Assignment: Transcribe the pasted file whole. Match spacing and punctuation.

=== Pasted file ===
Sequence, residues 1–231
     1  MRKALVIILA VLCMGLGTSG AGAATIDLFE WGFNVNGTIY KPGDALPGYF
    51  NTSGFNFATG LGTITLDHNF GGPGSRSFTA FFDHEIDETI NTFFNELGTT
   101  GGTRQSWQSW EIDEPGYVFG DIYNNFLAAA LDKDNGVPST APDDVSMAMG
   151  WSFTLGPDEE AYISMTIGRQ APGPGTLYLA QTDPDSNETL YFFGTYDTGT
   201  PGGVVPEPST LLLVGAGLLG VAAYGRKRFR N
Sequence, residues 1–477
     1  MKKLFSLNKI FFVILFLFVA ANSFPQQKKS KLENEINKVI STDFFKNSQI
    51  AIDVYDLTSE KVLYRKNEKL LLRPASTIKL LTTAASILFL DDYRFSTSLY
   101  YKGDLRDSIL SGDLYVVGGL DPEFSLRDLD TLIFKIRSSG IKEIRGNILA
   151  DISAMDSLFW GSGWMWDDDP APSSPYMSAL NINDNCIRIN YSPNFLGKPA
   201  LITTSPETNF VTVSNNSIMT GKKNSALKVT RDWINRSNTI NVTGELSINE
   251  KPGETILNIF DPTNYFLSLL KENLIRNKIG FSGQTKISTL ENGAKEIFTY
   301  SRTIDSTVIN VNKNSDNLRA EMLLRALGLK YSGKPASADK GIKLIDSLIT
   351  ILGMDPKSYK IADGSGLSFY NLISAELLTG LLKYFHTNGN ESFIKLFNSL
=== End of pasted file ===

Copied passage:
Sequence, residues 1–231
     1  MRKALVIILA VLCMGLGTSG AGAATIDLFE WGFNVNGTIY KPGDALPGYF
    51  NTSGFNFATG LGTITLDHNF GGPGSRSFTA FFDHEIDETI NTFFNELGTT
   101  GGTRQSWQSW EIDEPGYVFG DIYNNFLAAA LDKDNGVPST APDDVSMAMG
   151  WSFTLGPDEE AYISMTIGRQ APGPGTLYLA QTDPDSNETL YFFGTYDTGT
   201  PGGVVPEPST LLLVGAGLLG VAAYGRKRFR N
Sequence, residues 1–477
     1  MKKLFSLNKI FFVILFLFVA ANSFPQQKKS KLENEINKVI STDFFKNSQI
    51  AIDVYDLTSE KVLYRKNEKL LLRPASTIKL LTTAASILFL DDYRFSTSLY
   101  YKGDLRDSIL SGDLYVVGGL DPEFSLRDLD TLIFKIRSSG IKEIRGNILA
   151  DISAMDSLFW GSGWMWDDDP APSSPYMSAL NINDNCIRIN YSPNFLGKPA
   201  LITTSPETNF VTVSNNSIMT GKKNSALKVT RDWINRSNTI NVTGELSINE
   251  KPGETILNIF DPTNYFLSLL KENLIRNKIG FSGQTKISTL ENGAKEIFTY
   301  SRTIDSTVIN VNKNSDNLRA EMLLRALGLK YSGKPASADK GIKLIDSLIT
   351  ILGMDPKSYK IADGSGLSFY NLISAELLTG LLKYFHTNGN ESFIKLFNSL